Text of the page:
John Carter
    Michael Giacchino
  2. “Grand Bazaar, Istanbul”
    Skyfall
    Thomas Newman
  3. “Saving New York”
    The Amazing Spider-Man
    James Horner
  4. “Imagine the Fire”
    The Dark Knight Rises
    Hans Zimmer
  5. “Re-Animation”
    Frankenweenie
    Danny Elfman
  6. “The Premiere”
    Hitchcock
    Danny Elfman
  7. “Cristeros”
    For Greater Glory
    James Horner
  8. “Cleared Iranian Airspace”
    Argo
    Alexandre Desplat
  9. “The Peterson House and Finale”
    Lincoln
    John Williams
  10. “Tsimtsum”
    Life of Pi
    Mychael Danna
  11. “Life”
    Prometheus
    Harry Gregson-Williams and Marc Streitenfeld
  12. “Apotheosis”
    Journey (video game)
    Austin Wintory
  13. “Time Machine”
    Safety Not Guaranteed
    Ryan Miller
  14. “With a Beat”
    Silver Linings Playbook
    Danny Elfman
  15. “A Promise”
    The Avengers
    Alan Silvestri
  16. “Mysterious Island Main Titles”
    Journey 2: The Mysterious Island
    Andrew Lockington
  17. “Calling the Guardians”
    Rise of the Guardians
    Alexandre Desplat
  18. “Merida’s Home”
    Brave
    Patrick Doyle
  19. “Cloud Atlas Finale”
    Cloud Atlas
    Tom Tykwer, Johnny Klimek, and Reinhold Heil
  20. “Once There Was a Hushpuppy”
    Beasts of the Southern Wild
    Dan Romer and Benh Zeitlin

My Top-Five Eight-Favorite Film Scores of 2012

Updated 31 Jan 2013 to add Beasts of the Southern Wild to the list

Here we are at the end of 2012—which means I present to you my now annual end-of-the-year list: my favorite film scores of the year. Like last year’s list, these probably wouldn’t be widely considered the best scores of the year (only one of these will receive an Oscar nomination), but they’re the scores I had on repeat the most this year.

(One note: some of these embedded tracks are a little long if you’re just looking to breeze through some samples, but I tried to pick out the best, most-representative tracks from the scores.)

Here we go.

5. The Dark Knight Rises by Hans Zimmer

I loathe what Hans Zimmer has done to the film-score industry: the over-simplification of music, the jettisoning of unique thematic identities, and the proliferation of ghost writers. And he’s become lazy: several of his latest scores—even, to an extent, this one—make him seem like he’s just out to collect a paycheck (see especially Pirates of the Caribbean 4). But, yes but, when he puts forth even some effort, the results can be enjoyable. As they are here. Last year, my guilty-pleasure-score-of-the-year went to one of Zimmer’s goons. This year it goes to him.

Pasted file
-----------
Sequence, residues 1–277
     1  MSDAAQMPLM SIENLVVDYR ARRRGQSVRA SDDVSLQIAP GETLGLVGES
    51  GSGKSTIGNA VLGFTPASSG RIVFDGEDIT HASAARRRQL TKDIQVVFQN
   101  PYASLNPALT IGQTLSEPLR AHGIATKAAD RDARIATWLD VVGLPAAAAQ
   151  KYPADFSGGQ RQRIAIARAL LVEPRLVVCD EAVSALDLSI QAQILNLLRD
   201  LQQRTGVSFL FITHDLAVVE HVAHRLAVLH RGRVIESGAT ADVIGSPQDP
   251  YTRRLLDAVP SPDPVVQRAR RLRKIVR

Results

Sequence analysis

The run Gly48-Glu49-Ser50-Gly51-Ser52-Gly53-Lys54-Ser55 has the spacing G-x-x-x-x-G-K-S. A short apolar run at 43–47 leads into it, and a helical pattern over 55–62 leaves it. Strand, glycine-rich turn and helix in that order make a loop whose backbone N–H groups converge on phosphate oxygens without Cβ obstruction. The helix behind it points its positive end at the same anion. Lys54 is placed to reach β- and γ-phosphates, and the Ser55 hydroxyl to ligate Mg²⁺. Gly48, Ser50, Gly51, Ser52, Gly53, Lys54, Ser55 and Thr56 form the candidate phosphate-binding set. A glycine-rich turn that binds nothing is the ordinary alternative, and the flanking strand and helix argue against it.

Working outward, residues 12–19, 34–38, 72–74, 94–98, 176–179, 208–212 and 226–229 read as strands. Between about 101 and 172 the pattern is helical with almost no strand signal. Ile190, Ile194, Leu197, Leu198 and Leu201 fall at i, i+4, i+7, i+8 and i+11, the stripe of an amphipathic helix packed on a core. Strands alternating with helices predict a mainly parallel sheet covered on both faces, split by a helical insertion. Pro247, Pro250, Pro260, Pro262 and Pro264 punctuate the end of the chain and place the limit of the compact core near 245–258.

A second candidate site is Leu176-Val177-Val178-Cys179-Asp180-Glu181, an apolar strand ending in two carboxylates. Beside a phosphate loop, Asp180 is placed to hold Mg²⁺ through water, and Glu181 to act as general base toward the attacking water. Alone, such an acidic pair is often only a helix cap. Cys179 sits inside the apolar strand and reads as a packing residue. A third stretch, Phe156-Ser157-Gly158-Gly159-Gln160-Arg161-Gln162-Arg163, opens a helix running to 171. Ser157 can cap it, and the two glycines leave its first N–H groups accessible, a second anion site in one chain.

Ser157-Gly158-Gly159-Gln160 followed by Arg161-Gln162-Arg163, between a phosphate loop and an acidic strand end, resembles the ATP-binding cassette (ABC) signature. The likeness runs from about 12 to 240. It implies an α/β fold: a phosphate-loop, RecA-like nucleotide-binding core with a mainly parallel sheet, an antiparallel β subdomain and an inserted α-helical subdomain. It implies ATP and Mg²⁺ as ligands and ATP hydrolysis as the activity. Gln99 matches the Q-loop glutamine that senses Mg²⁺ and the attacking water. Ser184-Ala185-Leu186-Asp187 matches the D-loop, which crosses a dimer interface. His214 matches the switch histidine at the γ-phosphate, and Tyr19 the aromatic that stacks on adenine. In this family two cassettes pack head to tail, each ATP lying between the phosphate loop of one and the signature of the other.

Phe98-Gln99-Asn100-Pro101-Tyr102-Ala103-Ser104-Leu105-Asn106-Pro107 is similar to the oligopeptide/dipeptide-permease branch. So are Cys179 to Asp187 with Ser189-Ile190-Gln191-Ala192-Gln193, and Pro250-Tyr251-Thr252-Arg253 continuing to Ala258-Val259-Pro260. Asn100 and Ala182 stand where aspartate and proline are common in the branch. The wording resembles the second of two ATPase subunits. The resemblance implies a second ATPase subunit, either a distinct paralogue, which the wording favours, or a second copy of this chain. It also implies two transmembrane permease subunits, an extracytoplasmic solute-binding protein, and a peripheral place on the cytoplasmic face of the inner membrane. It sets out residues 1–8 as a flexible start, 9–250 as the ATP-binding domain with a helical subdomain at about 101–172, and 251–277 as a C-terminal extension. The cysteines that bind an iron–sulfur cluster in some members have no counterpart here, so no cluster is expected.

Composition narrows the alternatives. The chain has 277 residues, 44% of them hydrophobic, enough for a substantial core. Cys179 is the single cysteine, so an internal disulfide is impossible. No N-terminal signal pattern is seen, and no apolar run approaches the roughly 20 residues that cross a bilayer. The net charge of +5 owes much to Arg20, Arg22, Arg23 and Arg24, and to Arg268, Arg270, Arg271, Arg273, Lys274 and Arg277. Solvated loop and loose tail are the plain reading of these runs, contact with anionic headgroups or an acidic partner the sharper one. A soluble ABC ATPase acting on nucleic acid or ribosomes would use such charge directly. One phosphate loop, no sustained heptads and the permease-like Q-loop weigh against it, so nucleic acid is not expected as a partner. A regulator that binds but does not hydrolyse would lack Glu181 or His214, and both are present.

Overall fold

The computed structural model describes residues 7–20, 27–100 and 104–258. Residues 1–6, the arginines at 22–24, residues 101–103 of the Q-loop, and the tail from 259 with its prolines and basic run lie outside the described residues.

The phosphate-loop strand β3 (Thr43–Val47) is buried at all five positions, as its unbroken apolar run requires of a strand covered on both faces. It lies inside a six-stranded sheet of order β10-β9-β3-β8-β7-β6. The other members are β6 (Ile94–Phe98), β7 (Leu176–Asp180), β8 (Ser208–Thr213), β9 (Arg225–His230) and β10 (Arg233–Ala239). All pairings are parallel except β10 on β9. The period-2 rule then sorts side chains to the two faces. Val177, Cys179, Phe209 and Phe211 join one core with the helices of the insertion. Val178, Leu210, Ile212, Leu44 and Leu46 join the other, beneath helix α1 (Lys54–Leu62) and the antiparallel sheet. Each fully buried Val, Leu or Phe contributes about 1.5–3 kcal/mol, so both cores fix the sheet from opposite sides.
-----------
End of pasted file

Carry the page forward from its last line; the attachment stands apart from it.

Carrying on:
4. Safety Not Guaranteed by Ryan Miller

If you told me at the start of the year this list would include the sophomore film score from the lead singer of an alternative-rock band, I would have thought you were crazy after my, umm, distaste of a certain Oscar-winning (ugh) film score from the lead singer of another band. But, here it is. Miller’s score is just as quirky and charming as the film. I just wish there was more: the score is only about 15 minutes long. Still, an unexpected and enjoyable effort. Rarely do I finish watching a film and feel compelled to immediately purchase the score. That happened here.

4. The Avengers by Alan Silvestri

This score is a definite improvement over his Captain America: The First Avenger score, but it lacks the same punch that made, say, Back to the Future and The Mummy Returns so enjoyable. Don’t get me wrong; this score is still enjoyable, but it’s borderline Alan Silvestri on autopilot—though Alan Silvestri on autopilot is still better than a slew of other composers doing their “best” work.

What could have made this a better score are themes for the individual Avengers. This is more of a complaint against Marvel than it is Silvestri, though. In the five films leading up to The Avengers, there were five different composers with five different musical styles (Iron Man even had a different theme in both his films). As cohesive as the films were from character to character and director to director, there should have been more cohesion with the music. If the same composer couldn’t have scored each film, then at least a similar musical style should have been used. And with that similar musical style, each Avenger should have received a strong theme. Then, in The Avengers, when the character was introduced and did something heroic, their theme could have played. Instead, only Captain America (since that was Silvestri’s project) and Black Widow (I guess since she was such a strong character in the film) have individual themes. And when these two characters do something heroic, their theme plays. The other characters, though, have no individual musical identity here. Curiously, Thor had a strong theme in his individual outing, but it isn’t used in The Avengers. And lastly, after Silvestri’s back-to-back scoring duties for Marvel, I thought he would become their resident composer, but Iron Man will receive his third composer for his third film—and likely his third theme. Anyway, I’ve gone off on a tangent. Back to the list.